As a Young Inklings and Hillview Author Author teacher, I have hosted thirty-one class parties over the last three years. I’ve heard nearly three hundred kids – Kindergarten through age fourteen – read their original stories out loud to an audience.
Each student created something unique, from her own imagination. This story – brand new to the world but very close to her heart – she shared with others, some of whom she did not know.
I usually ask the teenagers to list their fears the week before the reading. This takes a lot of paper. Fears about reading original work aloud include: “people won’t understand you, tripping up reading, being judged, being misunderstood, tripping up and other variations on what others may think.”
We discuss each of the fears. Unfortunately, these are rational fears. I never promise kids that these things will not happen. They might.
We can’t control what others think. We make mistakes.
I don’t tell students this, but I’ve seen worse things happen: accidents, tears or uncontrolled giggles. It’s scary to face your greatest fears while everyone is watching you.
So, why do it?
Well, the kids in my elementary classes will tell you its because they get a cookie afterward. At each party every kid gets a cookie. They know this from day one. Each student reads the story she has written aloud to an audience of other students and, if elementary kids, also parents – usually about 15 – 30 people. We talk a lot about this cookie for the nine weeks leading up to the party.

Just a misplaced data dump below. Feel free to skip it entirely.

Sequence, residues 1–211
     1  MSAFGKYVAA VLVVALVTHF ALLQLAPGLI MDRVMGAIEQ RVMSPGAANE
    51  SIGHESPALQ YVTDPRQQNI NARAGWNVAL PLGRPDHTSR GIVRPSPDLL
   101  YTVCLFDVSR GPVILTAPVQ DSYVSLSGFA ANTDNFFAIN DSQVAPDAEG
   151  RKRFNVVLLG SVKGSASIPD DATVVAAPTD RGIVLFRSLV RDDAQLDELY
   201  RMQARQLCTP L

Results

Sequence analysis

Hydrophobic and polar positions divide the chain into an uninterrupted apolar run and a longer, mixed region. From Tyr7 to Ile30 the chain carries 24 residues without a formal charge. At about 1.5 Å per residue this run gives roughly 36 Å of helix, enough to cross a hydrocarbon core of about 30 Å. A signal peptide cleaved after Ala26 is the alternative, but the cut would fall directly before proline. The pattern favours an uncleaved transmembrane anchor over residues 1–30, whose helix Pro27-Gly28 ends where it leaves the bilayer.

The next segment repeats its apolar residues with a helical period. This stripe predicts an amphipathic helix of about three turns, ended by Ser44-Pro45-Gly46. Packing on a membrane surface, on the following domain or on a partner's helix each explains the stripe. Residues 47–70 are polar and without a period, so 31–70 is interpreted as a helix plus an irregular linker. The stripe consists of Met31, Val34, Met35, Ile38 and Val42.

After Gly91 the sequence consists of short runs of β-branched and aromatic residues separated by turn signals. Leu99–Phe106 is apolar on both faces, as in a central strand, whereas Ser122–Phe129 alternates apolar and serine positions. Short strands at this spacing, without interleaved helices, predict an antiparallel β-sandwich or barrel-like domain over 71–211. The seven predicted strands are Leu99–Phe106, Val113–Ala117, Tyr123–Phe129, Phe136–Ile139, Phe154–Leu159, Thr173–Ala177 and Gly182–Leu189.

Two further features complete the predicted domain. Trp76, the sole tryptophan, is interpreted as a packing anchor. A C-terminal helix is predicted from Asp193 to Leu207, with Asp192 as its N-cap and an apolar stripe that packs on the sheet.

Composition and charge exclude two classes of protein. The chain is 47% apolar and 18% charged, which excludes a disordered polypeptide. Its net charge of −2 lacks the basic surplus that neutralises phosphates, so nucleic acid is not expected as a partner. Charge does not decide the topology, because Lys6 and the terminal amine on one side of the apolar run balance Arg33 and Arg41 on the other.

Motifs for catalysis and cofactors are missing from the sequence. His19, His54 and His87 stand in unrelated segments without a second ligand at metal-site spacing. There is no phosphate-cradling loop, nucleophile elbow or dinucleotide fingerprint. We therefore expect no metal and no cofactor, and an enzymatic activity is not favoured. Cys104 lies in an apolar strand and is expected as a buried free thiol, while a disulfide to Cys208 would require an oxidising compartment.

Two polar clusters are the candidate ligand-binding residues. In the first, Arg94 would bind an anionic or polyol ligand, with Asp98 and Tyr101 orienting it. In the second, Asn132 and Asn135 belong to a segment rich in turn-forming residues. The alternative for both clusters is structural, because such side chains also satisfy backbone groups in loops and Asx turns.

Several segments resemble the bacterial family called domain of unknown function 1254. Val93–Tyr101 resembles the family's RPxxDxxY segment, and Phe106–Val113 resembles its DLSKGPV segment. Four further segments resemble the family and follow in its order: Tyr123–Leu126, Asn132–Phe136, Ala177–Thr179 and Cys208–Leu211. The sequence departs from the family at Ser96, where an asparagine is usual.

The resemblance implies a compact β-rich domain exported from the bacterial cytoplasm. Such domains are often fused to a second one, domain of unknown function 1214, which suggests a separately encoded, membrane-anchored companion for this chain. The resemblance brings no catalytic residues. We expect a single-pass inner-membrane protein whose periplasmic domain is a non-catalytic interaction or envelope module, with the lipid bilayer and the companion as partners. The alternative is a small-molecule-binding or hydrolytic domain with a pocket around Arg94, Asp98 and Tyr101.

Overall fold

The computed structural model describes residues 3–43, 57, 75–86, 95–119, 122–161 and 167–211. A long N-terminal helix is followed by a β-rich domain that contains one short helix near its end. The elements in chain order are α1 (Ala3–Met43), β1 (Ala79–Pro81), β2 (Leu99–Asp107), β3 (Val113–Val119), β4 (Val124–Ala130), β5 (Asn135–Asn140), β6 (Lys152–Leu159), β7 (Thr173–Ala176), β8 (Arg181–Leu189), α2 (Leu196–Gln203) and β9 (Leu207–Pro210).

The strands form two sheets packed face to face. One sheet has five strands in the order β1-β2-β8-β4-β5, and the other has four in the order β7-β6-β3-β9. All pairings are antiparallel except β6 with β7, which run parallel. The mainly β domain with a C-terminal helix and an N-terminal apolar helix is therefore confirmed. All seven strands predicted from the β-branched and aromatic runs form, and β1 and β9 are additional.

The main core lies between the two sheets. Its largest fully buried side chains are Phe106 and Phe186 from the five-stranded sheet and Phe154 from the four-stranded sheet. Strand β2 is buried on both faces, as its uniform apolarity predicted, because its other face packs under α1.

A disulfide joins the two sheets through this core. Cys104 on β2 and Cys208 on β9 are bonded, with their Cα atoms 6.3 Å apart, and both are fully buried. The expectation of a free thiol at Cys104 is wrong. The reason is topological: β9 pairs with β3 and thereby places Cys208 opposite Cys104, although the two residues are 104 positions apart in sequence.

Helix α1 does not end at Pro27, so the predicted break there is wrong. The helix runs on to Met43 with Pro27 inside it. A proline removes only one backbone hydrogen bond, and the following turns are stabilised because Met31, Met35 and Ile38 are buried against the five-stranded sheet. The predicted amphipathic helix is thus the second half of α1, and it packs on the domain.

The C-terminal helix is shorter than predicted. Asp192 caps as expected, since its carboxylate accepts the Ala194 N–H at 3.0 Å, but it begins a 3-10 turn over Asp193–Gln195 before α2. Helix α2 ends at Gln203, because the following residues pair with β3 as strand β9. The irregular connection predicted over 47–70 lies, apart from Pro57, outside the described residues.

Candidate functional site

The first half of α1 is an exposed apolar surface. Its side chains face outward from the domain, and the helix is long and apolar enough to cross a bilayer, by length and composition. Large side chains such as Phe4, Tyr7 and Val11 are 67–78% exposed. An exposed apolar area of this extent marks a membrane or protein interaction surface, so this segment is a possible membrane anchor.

When we have writer’s block because we can’t come up with the exactly perfect thing to write, we talk about the cookie, and how many weeks it is until cookies. This might be a good time to go ahead write anything: it doesn’t have to be perfect. It just has to be ready for when we have cookies together.
When we start to get scared about reading the story we have written out loud, we talk about how there will be cookies afterwards. No one will be thinking about us and whether our pants are zipped up, they will be thinking about when we have cookies together.
To be clear: these cookies are from Safeway.
Even though it’s all about the cookies, it’s not about the cookies at all.
It’s about the other part of the sentence: We will all have the cookies together.
It’s about faith. We need to know that all our effort, all our work will be valued by those around us. We need to know we matter. We need to be acknowledged. We will not be alone in the moment of our greatest vulnerability.
Promising friends and families cookies for that support seems like the least we can do. And, certainly, when kids are this courageous, they must know they we will be there for them at the end. When they face their fears – and they are substantial: rejection, judgment, and failure – we will be there.